Functional Ultrasound: Pushing the Boundaries of Neuroimaging

Blog post by Andrew Davies, PhD

Considerable progress has been made in the field of neuroimaging in recent years, with a number of new and improved modalities now available to researchers, such as functional ultrasound imaging (fUS). Although ultrasound has been used clinically for decades, advances in its temporal and spatial resolution have opened the door for its use in a range of new applications, including neuroscience research [1]. For example, a new method of “ultrafast ultrasound” was described in 2011 [2], enabling the use of ultrasound for functional measurements in the rodent brain, and has been built upon and expanded ever since. In addition, commercially available systems have now been developed with portability in mind and at a lower cost of entry than many more established methods such as magnetic resonance imaging (MRI) and computed tomography (CT). As a result, the number of studies utilizing fUS for neuroimaging is growing rapidly, and here we review a very recent and outstanding example published in Nature Methods in 2022 from Renaudin et al [3].

Cerebral blood flow and neuronal activity

One of the goals of neuroimaging, regardless of method, has been to study cerebral blood flow (CBF) and its response to neuronal activity, collectively referred to as neurovascular coupling (NVC). As CBF has been shown to be regulated locally, and can be measured non-invasively much more easily than individual neuronal activity, changes in CBF can act as a surrogate marker for function. For example, NVC and CBF responses during memory tasks, or differences associated with specific disease states, can provide key data to elucidate underlying mechanisms and pathological processes in addition to the numerous potential diagnostic applications. In such experiments, increases in spatially restricted CBF can be observed in selectively responsive brain regions, a response known as functional hyperemia.

Functional ultrasound and ultrasound localization microscopy

Ultrasound localization microscopy (ULM) provides static images of the vasculature at a microscopic scale using fUS and microbubble (MB) injections as a contrast agent [4]. In theory, with repeated image acquisition, this approach could be combined with experimental paradigms to measure changes in CBF and functional hyperemia. However, the challenge has been to provide whole brain level images (required for contextualizing data) while maintaining sufficient spatial resolution (to resolve microvessels), at a temporal resolution that is meaningful for the study of neuronal activity (on the order of one second or less). In providing context for their recent studies, Renaudin et al. describe the historical limitations of fUS, ULM, and other neuroimaging methods, such as the need to balance increased spatial resolution with prolonged acquisition times, and the depth of penetration. In this paper, the authors introduce new methods to overcome some of these challenges: functional ULM (fULM).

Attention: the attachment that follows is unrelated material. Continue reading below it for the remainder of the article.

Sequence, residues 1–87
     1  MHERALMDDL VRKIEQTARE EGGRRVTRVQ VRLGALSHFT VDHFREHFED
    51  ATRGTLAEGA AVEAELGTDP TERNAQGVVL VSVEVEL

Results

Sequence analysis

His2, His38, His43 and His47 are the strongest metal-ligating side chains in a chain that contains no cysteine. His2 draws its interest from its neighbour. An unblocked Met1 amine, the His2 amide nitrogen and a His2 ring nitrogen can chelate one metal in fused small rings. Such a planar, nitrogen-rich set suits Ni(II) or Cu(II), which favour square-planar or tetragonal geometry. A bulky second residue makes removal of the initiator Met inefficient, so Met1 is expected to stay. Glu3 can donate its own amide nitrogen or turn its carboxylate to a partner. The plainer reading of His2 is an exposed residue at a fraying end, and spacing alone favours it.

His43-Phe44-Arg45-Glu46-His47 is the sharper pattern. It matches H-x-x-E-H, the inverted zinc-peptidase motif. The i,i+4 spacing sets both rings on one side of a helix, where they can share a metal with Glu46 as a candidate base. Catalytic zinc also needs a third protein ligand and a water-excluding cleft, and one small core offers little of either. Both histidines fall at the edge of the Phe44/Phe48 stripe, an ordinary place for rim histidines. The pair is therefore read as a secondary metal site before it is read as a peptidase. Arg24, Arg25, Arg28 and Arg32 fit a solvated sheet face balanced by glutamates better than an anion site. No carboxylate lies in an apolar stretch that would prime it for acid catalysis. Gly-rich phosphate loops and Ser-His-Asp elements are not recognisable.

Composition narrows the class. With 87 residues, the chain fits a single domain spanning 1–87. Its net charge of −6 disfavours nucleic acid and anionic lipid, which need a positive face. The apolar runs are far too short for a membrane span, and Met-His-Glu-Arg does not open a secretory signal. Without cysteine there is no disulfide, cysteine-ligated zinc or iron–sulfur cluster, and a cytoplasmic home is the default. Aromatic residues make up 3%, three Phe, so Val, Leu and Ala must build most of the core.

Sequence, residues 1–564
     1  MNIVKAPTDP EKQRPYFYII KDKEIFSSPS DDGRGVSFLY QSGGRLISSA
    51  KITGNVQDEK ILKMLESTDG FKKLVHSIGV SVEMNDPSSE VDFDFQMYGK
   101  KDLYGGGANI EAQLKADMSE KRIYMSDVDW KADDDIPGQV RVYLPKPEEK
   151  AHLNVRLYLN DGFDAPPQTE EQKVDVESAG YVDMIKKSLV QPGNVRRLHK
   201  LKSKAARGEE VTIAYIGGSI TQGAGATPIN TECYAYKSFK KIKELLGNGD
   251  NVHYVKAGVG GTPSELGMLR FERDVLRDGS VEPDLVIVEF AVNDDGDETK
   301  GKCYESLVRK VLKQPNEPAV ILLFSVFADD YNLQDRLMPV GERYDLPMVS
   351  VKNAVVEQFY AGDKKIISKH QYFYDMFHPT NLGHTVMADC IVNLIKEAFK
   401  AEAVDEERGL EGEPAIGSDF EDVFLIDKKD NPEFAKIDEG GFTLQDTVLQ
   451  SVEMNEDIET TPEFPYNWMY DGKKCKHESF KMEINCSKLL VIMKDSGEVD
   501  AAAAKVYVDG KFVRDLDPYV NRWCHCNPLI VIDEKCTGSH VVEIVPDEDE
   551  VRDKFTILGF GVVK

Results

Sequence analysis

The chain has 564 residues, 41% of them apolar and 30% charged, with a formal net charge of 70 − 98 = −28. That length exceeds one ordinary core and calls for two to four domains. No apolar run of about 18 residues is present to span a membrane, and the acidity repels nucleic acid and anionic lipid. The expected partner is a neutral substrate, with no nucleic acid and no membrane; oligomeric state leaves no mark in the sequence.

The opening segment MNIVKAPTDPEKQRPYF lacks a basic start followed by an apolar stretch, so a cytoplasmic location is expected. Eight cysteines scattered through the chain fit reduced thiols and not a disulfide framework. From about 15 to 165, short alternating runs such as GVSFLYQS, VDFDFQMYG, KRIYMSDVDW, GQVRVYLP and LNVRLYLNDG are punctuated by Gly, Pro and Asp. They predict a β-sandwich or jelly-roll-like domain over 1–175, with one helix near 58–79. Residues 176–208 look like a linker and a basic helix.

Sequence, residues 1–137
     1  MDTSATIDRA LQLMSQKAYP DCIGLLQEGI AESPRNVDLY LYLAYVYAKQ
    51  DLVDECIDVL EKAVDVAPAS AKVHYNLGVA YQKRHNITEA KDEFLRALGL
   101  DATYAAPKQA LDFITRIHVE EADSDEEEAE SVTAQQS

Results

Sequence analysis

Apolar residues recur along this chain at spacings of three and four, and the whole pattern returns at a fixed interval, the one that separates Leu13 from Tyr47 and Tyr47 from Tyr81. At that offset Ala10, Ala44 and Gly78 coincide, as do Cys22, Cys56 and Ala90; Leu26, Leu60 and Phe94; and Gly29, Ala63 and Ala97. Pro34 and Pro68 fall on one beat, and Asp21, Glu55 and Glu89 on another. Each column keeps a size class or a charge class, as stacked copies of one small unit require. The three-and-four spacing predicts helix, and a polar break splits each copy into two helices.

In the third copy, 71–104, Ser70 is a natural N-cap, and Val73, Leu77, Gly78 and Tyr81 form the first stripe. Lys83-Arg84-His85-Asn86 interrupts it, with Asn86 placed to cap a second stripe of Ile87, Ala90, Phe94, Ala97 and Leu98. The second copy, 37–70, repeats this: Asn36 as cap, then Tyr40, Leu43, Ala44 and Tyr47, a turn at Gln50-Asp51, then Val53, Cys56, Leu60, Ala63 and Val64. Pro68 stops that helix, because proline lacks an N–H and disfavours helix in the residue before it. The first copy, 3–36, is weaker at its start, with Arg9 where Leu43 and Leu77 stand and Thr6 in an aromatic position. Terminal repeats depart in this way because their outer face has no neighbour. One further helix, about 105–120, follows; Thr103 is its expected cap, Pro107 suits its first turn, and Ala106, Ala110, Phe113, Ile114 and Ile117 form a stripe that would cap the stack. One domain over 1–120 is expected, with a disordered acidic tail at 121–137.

Experimental protocols, equipment, and results

In brief, anesthetized rats were continuously infused with MBs, and responses to mechanical or visual stimuli were recorded transcranially or following craniotomy using an ultrasound probe and scanner (recent webinars demonstrating the applications of similar methods can be found here and here). The authors provide extensive detail on the critical acquisition and data processing methods, but these are beyond the scope of this review and can be found in the paper. Nevertheless, the data illustrate that these protocols can be used to measure whole rat brain hemodynamic responses to stimuli in vessels as small as 10 µm, with only 10 stimuli repetitions, and at a temporal resolution of one second (Figure 1). The results clearly demonstrate that fULM can be used not only as a method to obtain structural images of the microvasculature, but also as a tool to interrogate neuronal activity.